The ASγ experimental team is composed of Chinese and Japanese scientists. This time, they announced the discovery of an ultra-high energy gamma ray with an energy of 957 TeV . The energy is close to 1 PeV ( 1000 trillion electron volts, 1 followed by 15 zeros). first discovered shot eV cosmic ray accelerator ( PeVatron ) evidence of the Milky Way.​
The result was commented by the American Physical Society as a milestone in the study of the "mystery of the century" of the origin of high-energy cosmic rays.
In addition, China is building a "Large Area High Altitude Cosmic Ray Observation Station" ( LHAASO ) in Daocheng , Sichuan , and its three-quarters array has been completed and put into operation. Compared with the ASγ experiment, the energy range and sensitivity of LHAASO are even higher. It is internationally superior, and it is believed that it will advance the research of cosmic ray physics and ultra-high energy gamma ray astronomy to a new level.​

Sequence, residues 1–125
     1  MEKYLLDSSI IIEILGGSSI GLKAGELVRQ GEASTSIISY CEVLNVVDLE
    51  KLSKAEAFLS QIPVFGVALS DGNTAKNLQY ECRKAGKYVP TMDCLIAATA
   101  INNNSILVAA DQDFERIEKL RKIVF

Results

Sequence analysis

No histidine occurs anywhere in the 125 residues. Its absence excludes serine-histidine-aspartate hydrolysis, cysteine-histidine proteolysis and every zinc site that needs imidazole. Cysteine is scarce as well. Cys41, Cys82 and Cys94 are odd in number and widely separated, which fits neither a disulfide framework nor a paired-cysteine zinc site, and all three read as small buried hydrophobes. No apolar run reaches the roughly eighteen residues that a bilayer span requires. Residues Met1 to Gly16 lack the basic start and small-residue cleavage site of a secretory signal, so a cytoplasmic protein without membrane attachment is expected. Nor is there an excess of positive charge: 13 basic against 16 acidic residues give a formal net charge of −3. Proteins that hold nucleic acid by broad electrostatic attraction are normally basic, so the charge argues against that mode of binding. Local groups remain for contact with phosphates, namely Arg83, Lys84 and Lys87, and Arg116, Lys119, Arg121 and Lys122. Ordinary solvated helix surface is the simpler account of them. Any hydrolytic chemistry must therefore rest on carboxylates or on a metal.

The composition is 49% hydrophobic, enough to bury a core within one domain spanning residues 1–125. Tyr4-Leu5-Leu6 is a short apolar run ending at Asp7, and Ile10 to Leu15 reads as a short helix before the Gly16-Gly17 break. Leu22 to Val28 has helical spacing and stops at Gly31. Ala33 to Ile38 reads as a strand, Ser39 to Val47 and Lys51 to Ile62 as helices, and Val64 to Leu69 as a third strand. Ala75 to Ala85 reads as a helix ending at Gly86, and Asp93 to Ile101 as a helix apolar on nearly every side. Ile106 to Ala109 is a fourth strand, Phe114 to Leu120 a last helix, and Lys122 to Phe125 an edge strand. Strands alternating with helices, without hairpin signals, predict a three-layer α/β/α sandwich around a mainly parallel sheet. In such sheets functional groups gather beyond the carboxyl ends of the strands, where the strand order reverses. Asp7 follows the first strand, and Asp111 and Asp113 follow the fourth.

Some bits are obscured by the translator/translation...

From English Chinese Academy of Sciences site:

From May 17th, 2021
LHAASO Discovers a Dozen PeVatrons and Photons Exceeding 1PeV and Launches Ultra-high-energy Gamma Astronomy Era
China's Large High Altitude Air Shower Observatory (LHAASO)—one of the country's key national science and technology infrastructure facilities—has found a dozen ultra-high-energy (UHE) cosmic accelerators within the Milky Way. It has also detected photons with energies exceeding 1 peta-electron-volt (quadrillion electron-volts or PeV), including one at 1.4 PeV. The latter is the highest energy photon ever observed.
These findings overturn the traditional understanding of the Milky Way and open up an era of UHE gamma astronomy.
These discoveries are published in the journal Nature on May 17. The LHAASO International Collaboration, which is led by the Institute of High Energy Physics (IHEP) of the Chinese Academy of Sciences, completed this study.